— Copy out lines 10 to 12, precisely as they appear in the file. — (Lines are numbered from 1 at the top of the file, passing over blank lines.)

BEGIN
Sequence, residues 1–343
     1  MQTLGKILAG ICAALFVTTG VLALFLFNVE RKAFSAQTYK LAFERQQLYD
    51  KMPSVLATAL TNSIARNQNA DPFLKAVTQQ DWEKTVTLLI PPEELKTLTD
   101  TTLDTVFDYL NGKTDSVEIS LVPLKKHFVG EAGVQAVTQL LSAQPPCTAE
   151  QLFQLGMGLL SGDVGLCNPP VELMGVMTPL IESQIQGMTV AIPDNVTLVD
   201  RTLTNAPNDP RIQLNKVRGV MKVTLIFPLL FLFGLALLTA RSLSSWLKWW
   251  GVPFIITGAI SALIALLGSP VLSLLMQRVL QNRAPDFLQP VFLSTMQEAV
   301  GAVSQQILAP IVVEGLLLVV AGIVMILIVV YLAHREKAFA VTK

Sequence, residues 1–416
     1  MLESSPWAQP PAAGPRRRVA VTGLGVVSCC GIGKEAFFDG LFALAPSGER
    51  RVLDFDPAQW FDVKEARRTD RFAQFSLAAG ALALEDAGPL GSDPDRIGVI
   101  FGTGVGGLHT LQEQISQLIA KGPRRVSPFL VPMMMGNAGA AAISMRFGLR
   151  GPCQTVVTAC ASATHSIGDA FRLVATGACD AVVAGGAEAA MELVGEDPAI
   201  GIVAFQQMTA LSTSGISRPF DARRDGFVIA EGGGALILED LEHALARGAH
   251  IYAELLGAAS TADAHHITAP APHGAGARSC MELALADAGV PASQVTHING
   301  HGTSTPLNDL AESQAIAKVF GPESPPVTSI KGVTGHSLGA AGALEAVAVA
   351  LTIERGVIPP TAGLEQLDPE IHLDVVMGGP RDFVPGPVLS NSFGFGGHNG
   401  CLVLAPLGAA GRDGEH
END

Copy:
     1  MLESSPWAQP PAAGPRRRVA VTGLGVVSCC GIGKEAFFDG LFALAPSGER
    51  RVLDFDPAQW FDVKEARRTD RFAQFSLAAG ALALEDAGPL GSDPDRIGVI
   101  FGTGVGGLHT LQEQISQLIA KGPRRVSPFL VPMMMGNAGA AAISMRFGLR